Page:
A deadline is looming for new safety regulations covering products that use button batteries, with Bicycle Industries Australia (BIA) liaising with affected businesses to help ensure they comply with the mandatory regulations.
Compliance with the updated safety standard will be mandatory from 21 June, 18 months after they were announced.
Key elements of the standard include:
- secure battery compartments for consumer goods that contain button batteries, where the batteries are intended to be replaced, to prevent children from gaining access to the batteries
- compliance testing of consumer goods that contain button batteries, whether or not the batteries are intended to be replaced, to demonstrate the battery is secure and cannot be easily released
- child resistant packaging for button batteries, based on their risk profile, to prevent children from gaining access to the batteries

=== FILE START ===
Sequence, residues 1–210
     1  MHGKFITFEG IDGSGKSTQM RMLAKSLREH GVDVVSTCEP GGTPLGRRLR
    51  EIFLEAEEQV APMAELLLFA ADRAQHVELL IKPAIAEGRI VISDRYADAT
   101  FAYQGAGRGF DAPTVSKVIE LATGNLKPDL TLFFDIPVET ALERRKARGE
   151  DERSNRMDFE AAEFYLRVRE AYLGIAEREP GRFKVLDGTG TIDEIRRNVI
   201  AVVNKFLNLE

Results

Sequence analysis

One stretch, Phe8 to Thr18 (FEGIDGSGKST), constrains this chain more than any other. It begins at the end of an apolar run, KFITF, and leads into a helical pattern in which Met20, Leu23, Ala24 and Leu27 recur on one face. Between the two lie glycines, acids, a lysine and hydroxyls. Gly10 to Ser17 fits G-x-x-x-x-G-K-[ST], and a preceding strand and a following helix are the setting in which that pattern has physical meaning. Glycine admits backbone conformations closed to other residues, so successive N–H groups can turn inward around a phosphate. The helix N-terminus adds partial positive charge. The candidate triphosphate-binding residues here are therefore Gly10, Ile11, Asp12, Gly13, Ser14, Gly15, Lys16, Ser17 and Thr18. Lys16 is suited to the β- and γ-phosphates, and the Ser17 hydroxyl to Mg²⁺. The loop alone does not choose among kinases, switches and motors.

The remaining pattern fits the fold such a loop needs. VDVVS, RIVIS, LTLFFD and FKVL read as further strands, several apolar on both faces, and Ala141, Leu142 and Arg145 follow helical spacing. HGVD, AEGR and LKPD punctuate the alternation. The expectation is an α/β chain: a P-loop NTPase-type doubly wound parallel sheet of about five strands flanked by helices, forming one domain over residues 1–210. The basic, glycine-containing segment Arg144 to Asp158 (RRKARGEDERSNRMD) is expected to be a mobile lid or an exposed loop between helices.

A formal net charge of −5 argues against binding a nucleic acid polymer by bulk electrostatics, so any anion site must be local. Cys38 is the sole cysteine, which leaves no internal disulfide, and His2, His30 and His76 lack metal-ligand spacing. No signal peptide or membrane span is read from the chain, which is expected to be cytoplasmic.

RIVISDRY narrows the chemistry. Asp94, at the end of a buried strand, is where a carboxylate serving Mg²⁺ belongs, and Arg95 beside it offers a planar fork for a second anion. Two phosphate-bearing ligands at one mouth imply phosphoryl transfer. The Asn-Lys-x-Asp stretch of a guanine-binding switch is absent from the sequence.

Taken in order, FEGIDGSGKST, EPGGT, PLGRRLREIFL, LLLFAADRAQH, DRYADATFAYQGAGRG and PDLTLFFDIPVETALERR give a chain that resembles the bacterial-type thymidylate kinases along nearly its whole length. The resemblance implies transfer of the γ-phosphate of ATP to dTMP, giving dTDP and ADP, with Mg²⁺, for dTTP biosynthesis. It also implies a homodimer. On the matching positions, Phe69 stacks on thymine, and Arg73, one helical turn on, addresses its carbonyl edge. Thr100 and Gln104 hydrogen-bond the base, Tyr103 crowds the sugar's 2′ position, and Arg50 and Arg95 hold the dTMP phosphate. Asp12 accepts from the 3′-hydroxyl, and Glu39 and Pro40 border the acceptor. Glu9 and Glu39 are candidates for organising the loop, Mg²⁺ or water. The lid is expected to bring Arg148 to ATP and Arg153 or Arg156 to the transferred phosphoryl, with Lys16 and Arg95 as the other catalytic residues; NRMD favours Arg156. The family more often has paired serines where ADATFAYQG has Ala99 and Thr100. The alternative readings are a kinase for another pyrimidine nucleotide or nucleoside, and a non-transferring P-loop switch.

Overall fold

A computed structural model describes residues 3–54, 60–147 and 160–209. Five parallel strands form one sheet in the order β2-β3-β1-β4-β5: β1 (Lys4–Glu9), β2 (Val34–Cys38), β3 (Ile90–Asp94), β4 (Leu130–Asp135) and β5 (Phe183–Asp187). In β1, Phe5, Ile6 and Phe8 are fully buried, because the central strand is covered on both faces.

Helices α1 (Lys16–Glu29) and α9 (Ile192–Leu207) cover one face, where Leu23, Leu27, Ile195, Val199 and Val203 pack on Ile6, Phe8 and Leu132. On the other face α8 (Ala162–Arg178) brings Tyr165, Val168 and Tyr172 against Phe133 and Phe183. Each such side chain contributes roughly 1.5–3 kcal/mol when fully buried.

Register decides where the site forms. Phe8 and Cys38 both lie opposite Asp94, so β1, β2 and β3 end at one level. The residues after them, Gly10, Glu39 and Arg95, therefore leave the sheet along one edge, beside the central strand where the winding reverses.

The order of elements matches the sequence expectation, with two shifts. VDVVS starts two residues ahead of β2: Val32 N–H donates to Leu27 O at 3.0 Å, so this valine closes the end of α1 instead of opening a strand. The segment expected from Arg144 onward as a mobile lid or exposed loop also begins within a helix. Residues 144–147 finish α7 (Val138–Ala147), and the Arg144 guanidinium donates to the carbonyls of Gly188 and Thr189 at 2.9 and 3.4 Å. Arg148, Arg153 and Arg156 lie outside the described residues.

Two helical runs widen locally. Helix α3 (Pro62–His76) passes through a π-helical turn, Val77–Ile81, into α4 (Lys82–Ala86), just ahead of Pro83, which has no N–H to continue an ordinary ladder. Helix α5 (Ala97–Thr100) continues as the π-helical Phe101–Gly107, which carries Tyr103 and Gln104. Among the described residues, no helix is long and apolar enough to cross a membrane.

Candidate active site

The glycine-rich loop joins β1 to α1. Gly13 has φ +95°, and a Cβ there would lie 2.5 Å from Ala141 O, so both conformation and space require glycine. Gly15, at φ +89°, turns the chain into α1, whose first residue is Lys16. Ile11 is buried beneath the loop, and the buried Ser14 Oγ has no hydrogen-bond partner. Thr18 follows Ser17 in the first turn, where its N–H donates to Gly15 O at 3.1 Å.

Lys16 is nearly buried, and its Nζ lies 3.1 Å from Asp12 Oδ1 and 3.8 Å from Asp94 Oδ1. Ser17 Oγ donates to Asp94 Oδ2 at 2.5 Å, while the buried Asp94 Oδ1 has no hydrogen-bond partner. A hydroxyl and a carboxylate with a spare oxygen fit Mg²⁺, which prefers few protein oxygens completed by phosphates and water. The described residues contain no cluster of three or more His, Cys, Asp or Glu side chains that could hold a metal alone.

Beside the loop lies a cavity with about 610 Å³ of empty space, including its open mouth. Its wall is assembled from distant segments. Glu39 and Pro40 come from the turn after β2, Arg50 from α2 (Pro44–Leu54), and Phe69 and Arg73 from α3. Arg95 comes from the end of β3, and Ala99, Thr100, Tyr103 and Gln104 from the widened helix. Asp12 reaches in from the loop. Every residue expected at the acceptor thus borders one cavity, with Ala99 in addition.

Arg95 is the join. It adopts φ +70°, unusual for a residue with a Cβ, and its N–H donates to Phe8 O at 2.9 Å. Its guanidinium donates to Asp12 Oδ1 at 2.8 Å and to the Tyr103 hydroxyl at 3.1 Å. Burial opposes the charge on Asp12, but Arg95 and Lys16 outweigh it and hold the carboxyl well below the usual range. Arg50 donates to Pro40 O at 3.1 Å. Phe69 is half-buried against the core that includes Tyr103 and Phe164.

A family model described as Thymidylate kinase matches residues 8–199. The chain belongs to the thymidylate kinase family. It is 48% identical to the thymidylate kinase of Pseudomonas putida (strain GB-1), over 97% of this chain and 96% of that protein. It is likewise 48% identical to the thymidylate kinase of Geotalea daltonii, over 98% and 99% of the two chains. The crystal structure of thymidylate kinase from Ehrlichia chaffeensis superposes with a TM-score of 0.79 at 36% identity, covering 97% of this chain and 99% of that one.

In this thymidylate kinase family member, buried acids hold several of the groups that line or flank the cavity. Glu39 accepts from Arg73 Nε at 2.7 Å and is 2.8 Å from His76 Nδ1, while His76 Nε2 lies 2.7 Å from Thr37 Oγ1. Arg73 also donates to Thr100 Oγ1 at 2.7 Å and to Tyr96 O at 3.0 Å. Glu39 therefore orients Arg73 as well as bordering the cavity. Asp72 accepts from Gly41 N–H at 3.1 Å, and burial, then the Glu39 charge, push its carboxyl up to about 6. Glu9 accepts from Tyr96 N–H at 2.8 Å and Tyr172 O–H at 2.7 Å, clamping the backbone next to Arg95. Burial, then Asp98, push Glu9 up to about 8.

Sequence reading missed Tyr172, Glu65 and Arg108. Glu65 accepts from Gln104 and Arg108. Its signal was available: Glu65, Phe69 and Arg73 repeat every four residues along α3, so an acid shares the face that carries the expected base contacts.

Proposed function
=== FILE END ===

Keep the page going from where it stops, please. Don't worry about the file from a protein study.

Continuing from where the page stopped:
- warnings and information to alert consumers that a button battery is included with the product
BIA general manager Peter Bourke said button batteries were commonly found in bicycle computers and lights but were also included in products such as helmets.
The Federal Minister for Housing and Assistant Treasurer Michael Sukkar announced the Mandatory Button Standard in late 2020, saying three children had died from injuries sustained as a result of swallowing a button battery.
Between December 2017 and December 2020, another 44 young children had suffered severe injuries following the ingestion or insertion of button batteries, with some sustaining lifelong injuries.
A statement from Product Safety Australia says coin-sized button batteries can lodge in a child’s oesophagus if swallowed.
“An electrical current is immediately triggered by saliva, which causes a chemical reaction that can cause severe burns to the child’s oesophagus and internal organs such as vital arteries, lungs, heart, larynx and spine. Serious injury can occur in as little as two hours and the results can be fatal,” according to the statement.
“Once burning begins, damage can continue even after the battery is removed from the body. Repairing the damage can be painful and may require multiple surgeries over many years.”
Further information about the new standard is available on the Product Safety Australia website.